Born in Tashkent, Uzbekistan, in 1943, Sunyaev earned his Ph.D. (1968) and Doctor of Sciences degree (1973) from Moscow State University. From 1974-82, Sunyaev was Head of the Laboratory of Theoretical Astrophysics at the Space Research Institute in Moscow. He was Professor at the Moscow Institute of Physics and Technology from 1975-2001, while serving as Head of the High Energy Astrophysics Department at the Space Research Institute from 1982-2002. Chief Scientist at the Space Research Institute since 1992, Sunyaev has been Director of the Max Planck Institute for Astrophysics since 1996. In addition to the Crafoord Prize, Sunyaev has received a range of awards including the King Faisal International Prize for Science (2009), the Gruber Cosmology Prize (2003), the Heineman Prize in Astrophysics (2003) and the Gold Medal of the Royal Astronomical Society (1995). He holds memberships in academies around the world, including the Russian Academy of Sciences, the Royal Society of London, the Royal Netherlands Academy of Arts and Sciences, the German Academy of Natural Sciences Leopoldina and the U.S. National Academy of Sciences.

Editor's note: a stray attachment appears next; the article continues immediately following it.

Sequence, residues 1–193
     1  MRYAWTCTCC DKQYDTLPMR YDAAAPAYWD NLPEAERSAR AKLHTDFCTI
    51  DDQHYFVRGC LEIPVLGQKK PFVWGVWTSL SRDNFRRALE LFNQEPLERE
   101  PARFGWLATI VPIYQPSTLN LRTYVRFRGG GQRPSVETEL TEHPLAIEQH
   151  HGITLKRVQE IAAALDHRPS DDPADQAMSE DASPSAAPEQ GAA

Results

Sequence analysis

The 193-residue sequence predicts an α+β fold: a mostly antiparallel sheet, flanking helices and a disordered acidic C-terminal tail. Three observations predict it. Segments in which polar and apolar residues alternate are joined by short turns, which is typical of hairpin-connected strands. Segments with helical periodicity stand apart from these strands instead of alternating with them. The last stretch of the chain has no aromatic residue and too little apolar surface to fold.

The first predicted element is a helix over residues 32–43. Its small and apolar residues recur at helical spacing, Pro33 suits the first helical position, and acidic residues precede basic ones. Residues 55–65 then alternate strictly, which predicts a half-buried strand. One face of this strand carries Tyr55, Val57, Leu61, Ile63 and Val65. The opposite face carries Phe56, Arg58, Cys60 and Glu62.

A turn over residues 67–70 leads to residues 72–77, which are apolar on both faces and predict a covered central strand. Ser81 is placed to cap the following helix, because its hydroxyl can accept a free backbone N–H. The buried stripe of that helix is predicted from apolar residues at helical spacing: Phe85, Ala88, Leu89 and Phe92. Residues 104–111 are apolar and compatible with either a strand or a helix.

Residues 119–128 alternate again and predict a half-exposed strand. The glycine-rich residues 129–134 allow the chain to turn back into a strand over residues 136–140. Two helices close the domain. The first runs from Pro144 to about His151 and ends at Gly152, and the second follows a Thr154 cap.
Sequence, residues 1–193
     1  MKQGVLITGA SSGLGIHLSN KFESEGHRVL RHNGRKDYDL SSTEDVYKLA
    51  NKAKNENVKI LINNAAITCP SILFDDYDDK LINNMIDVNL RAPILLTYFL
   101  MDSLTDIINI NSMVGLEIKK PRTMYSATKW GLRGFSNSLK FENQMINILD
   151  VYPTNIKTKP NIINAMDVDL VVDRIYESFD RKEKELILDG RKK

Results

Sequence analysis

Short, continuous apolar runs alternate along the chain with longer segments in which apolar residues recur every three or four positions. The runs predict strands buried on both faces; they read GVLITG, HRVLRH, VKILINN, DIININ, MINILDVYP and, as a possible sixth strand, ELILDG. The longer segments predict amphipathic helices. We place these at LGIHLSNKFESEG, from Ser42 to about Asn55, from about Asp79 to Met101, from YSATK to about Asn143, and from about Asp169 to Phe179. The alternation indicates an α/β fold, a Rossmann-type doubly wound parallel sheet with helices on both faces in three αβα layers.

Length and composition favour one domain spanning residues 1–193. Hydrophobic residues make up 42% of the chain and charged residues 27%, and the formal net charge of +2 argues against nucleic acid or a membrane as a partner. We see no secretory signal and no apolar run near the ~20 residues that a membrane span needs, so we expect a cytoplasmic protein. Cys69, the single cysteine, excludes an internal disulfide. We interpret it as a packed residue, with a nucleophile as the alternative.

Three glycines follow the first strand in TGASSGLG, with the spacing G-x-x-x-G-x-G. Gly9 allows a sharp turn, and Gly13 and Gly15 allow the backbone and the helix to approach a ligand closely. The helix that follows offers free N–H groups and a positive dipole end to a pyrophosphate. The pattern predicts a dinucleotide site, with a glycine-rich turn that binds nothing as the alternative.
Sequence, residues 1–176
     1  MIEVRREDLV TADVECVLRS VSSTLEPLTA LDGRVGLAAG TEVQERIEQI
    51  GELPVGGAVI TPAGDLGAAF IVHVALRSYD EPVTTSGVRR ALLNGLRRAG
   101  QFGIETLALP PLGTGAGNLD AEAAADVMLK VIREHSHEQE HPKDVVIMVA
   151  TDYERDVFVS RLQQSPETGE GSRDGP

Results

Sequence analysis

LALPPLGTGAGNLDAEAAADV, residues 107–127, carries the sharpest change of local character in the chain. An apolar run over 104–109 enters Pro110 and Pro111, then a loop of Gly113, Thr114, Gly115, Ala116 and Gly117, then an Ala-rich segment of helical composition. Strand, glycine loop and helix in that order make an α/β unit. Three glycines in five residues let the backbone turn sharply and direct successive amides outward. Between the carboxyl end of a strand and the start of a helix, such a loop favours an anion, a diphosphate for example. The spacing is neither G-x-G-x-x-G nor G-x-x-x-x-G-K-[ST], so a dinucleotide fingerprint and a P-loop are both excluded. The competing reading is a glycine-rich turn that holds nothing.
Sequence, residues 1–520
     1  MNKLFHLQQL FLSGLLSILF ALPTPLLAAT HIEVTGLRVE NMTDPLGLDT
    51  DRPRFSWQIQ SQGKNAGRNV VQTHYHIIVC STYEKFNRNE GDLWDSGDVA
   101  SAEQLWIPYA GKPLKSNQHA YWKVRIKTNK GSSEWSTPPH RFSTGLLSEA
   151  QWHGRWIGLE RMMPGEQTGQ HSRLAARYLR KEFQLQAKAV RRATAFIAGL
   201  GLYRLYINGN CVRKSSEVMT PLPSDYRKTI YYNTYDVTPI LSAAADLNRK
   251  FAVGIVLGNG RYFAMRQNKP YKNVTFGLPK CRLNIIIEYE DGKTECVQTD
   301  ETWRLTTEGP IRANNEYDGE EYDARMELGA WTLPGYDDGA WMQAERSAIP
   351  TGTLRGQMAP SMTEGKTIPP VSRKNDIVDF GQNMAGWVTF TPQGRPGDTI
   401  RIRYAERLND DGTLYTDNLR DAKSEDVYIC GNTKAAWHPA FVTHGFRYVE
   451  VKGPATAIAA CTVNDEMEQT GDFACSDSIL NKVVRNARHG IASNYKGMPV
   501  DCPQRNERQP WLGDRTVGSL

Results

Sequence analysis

About the Institute for Advanced Study
The Institute for Advanced Study is one of the world’s leading centers for theoretical research and intellectual inquiry. The Institute exists to encourage and support curiosity-driven research in the sciences and humanities—the original, often speculative thinking that produces advances in knowledge that change the way we understand the world. Work at the Institute takes place in four Schools: Historical Studies, Mathematics, Natural Sciences and Social Science. It provides for the mentoring of scholars by a permanent Faculty of approximately 30, and it ensures the freedom to undertake research that will make significant contributions in any of the broad range of fields in the sciences and humanities studied at the Institute.
The Institute, founded in 1930, is a private, independent academic institution located in Princeton, New Jersey. Its more than 6,000 former Members hold positions of intellectual and scientific leadership throughout the academic world. Thirty-three Nobel Laureates and 40 out of 56 Fields Medalists, as well as many winners of the Wolf and MacArthur prizes, have been affiliated with the Institute.